I’ve read a lot of business books on team-building, delegation, and leadership. But some of the best lessons on teamwork are the ones I learned at my grandparent’s house on Saturday afternoons when I was growing up. And I’m not talking about the wonderful things I learned by helping my grandma set the table or by playing cards with my grandpa (although they were pretty awesome).
I’m talking about the A-Team.
Every Saturday afternoon my cousins and I gathered around to watch the reruns of Hannibal and his crew while they protected some poor soul from the villain of the week and then jetted off just before the MPs got there. I didn’t realize it at the time, but I was learning three important business lessons:
- Do what you are good at. Everyone on the team had a role. Hannibal did the planning and wore the disguises, Murdock could pilot any plane or helicopter, Face could talk to anyone (especially if she was pretty and had feathered hair – gotta love the 80’s), and B.A. Baracus could make an armored vehicle out of anything you gave him and then drive it like a pro. They each had their niche and they excelled at it. They didn’t try to be something they weren’t. Can you imagine Murdock trying to schmooze the ladies? C’mon, he was crazy!
- Surround yourself by people who have different areas of expertise and let them do their thing. Not only did each team member have their specialty, but they let the others pursue their activities without interference. They knew that their different skill sets would complement each other and lead to success. They didn’t micromanage each other and get in the way. For example, even though he was the de facto leader, Hannibal didn’t tell B.A. how to turn the school bus into a tank, he just said, “How can I help? Should I weld or find you some more sheet metal for the sides?”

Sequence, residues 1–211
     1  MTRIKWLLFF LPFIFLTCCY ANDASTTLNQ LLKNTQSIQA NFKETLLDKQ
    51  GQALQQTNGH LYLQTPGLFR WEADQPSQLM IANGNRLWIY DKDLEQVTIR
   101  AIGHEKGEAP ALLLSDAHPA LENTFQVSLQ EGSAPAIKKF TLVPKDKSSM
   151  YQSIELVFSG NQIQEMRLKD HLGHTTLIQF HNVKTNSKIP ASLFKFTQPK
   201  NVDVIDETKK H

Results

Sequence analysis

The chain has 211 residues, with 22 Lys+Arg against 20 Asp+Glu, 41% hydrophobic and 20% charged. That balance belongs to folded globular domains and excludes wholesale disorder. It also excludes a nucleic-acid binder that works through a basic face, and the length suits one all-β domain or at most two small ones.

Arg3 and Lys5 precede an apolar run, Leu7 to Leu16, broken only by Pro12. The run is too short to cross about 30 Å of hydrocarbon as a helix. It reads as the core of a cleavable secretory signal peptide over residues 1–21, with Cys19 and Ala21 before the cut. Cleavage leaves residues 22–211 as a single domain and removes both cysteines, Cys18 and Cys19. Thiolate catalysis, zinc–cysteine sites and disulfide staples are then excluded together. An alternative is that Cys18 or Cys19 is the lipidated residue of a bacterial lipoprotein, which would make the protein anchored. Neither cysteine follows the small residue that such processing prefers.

- Set clear project goals. They had the team and they had the talent. But they also had a clear goal every week. Hannibal’s tagline, “I love it when a plan comes together…” only made sense because there was A) a plan and B) there was a clear understanding of what it was meant to accomplish (i.e., when it had actually come together). Whether they were protecting a farm from poaching ranchers or rescuing the damsel from the evil real estate developers, there were clearly delineated goals. That way, everyone knew how to best leverage their skills to move the team forward.
These lessons still resonate with me today. I’m always looking for what I can bring to the table and trying to identify the strengths of those around me. Remember these lessons the next time you are working with a team, and even more importantly, when you are leading a team. A big piece of the A-Team’s success came from each member leveraging their unique talents to make the sum of the parts greater than the whole. And really, isn’t that what teamwork is all about?